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Lately, my son has been asking to be told family stories.

Stories like this one:

When I was a kid, we lived in Nigeria—that’s in Africa. We kids ran around naked quite a lot because it was so hot. One day, your Uncle Shannon was playing in the yard when a baboon—that’s a kind of monkey with a very ugly butt—jumped down from a tall tree and landed right in front of him. Uncle Shannon ran at the baboon. The baboon fled, but then, after a minute, turned around began chasing Uncle Shannon! Imagine those two, a little boy and a big monkey, both naked as can be, chasing each other around and around in the hot, hot sun. So many bare bums!

A baboon. I didn't feel right about choosing a photo of the infamous backside.

A baboon. I didn’t feel right about choosing a photo of the infamous backside.

This story elicits lots of laughter, especially when acted out.

Telling family stories has been good for my two kids, particularly as we live far, far away from our dearest ones. They are learning where they come from, how achievement and failure, mistakes and forgiveness, loss and loyalty and love are already a part of them.

As I dig deep to remember other stories, I realize how good this remembering and telling is for me too. As of late, my WIP has been a sleepy old thing. Yawn. But with the telling of family stories, I sense it waking, little by little. The more family stories I tell, the more truths are remembered to me about what it means to be human, about the strength and innovation that are a part of all of us, and these truths are my WIP’s caffeine.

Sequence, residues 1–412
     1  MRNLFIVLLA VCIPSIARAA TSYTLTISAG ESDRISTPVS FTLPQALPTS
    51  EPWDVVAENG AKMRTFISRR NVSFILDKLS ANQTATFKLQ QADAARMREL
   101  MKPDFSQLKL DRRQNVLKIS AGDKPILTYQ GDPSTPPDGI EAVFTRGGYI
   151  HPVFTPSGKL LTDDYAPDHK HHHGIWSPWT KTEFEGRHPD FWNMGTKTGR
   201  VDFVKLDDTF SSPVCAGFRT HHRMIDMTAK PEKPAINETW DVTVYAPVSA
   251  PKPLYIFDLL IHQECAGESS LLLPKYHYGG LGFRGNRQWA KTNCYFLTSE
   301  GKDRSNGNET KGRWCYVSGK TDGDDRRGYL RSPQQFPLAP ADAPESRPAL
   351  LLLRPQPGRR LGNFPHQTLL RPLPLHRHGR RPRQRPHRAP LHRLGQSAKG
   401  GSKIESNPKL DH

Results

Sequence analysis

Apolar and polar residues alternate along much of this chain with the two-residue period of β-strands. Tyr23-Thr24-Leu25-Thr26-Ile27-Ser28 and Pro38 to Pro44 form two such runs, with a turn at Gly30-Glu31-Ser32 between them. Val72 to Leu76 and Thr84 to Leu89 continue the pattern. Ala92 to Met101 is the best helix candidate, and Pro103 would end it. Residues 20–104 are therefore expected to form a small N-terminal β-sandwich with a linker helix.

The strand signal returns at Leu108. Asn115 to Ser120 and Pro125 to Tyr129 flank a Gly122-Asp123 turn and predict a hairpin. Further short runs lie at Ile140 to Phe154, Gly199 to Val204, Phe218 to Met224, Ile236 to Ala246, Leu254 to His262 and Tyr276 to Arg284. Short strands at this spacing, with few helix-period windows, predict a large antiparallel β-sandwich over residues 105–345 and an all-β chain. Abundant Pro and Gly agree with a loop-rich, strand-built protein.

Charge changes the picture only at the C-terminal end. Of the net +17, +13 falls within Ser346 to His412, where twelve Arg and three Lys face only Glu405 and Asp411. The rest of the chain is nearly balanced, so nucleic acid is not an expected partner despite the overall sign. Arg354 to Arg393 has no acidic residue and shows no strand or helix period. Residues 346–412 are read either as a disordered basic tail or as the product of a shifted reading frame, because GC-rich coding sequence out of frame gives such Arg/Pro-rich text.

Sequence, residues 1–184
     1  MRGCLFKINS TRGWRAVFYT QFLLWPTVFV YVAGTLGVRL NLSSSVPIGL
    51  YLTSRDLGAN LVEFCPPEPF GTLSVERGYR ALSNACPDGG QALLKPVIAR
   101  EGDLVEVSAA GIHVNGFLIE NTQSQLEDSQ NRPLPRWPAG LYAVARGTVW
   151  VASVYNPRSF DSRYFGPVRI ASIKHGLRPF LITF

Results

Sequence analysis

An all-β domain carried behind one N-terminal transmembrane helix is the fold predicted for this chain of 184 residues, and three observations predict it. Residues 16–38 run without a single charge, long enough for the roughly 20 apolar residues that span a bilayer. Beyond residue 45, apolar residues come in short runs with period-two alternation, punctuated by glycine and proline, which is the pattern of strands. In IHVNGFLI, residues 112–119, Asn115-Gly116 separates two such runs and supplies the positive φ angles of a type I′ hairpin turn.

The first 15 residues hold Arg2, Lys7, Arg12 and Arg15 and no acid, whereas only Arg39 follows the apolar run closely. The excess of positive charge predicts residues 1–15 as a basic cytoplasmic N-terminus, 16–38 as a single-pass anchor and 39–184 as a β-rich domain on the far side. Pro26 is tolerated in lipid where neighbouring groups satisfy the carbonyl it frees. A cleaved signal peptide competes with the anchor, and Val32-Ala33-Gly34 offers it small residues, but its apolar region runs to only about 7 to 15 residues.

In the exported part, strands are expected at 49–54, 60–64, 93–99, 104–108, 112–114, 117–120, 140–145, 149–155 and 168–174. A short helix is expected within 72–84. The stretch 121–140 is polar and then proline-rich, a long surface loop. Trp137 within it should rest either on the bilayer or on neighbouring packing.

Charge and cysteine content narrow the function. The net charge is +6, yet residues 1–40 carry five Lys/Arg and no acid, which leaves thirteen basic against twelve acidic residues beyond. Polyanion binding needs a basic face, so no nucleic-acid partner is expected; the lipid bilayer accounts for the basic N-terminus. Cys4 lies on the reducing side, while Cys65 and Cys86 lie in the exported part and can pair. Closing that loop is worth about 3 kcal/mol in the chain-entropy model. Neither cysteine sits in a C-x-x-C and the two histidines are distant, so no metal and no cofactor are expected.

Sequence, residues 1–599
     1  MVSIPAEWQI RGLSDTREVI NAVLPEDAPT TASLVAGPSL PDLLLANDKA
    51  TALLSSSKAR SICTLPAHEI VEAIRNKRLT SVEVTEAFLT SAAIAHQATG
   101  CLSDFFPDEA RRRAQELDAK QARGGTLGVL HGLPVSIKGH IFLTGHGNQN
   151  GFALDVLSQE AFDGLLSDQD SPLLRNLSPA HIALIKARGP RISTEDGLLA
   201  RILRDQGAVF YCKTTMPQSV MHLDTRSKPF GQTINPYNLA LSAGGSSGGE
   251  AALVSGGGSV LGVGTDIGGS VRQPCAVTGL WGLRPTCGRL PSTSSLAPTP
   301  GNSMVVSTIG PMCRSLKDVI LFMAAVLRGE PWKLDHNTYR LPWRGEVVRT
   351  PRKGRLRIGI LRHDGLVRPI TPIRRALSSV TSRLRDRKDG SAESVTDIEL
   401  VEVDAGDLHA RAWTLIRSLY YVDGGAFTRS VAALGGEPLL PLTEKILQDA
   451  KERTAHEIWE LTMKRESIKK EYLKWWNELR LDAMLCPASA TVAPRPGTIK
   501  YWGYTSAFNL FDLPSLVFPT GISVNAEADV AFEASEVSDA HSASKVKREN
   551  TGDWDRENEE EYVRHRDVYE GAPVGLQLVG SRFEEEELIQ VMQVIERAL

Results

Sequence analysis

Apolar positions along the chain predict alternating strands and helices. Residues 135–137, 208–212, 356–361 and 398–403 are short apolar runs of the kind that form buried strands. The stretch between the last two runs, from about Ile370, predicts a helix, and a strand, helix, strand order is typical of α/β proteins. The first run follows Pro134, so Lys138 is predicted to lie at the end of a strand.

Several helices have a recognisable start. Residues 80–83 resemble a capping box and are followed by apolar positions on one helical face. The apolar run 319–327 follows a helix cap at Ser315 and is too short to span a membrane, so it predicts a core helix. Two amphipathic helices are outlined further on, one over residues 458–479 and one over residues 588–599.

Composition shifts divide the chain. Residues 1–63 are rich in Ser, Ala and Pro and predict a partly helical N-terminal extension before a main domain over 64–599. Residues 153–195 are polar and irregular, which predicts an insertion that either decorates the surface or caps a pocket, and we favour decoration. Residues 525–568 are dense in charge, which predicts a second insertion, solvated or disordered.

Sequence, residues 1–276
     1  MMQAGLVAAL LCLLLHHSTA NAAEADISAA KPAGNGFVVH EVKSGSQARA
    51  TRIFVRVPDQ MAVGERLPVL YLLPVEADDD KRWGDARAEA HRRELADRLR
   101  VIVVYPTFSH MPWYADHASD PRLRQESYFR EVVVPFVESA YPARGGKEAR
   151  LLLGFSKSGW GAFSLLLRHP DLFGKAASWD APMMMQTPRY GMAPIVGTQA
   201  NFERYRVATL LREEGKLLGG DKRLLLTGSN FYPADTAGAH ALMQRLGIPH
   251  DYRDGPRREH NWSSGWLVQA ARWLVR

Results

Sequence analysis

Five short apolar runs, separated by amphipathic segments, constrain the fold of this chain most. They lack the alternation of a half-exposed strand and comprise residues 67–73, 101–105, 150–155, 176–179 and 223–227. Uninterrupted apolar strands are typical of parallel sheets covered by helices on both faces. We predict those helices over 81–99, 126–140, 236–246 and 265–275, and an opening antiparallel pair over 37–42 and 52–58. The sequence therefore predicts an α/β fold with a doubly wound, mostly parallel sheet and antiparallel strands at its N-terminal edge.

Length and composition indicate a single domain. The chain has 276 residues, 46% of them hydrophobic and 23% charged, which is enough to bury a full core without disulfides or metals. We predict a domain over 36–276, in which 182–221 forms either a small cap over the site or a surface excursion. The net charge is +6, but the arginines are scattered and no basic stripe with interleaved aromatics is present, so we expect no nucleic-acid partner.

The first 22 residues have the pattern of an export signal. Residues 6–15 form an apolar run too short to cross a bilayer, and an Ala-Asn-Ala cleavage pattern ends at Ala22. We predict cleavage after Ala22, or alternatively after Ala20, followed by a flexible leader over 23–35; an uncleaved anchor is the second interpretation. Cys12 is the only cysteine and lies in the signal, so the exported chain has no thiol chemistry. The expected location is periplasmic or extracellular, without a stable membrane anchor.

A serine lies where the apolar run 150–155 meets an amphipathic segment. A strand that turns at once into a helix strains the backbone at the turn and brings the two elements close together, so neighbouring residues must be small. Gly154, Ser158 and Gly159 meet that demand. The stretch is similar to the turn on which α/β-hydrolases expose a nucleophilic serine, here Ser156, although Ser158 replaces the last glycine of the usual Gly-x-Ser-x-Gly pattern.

My brothers and sister (the orange coat is me)

My brothers and sister (the orange coat is me)

Every family has at least one story about one of their own achieving the impossible, surviving colossal failure, crossing mighty waters, forgiving the unforgivable, finding courage they never knew they had, (or just monkeying around)—in big or small ways stretching their resources to make the world a better place for the generations to come.

It’s impossible to write fiction without embedding in it your worldview. Who you are is the fiction you write. Fairly self-evident but worth remembering just the same–who you are is as much about who and where you come from as the individual you have grown to be.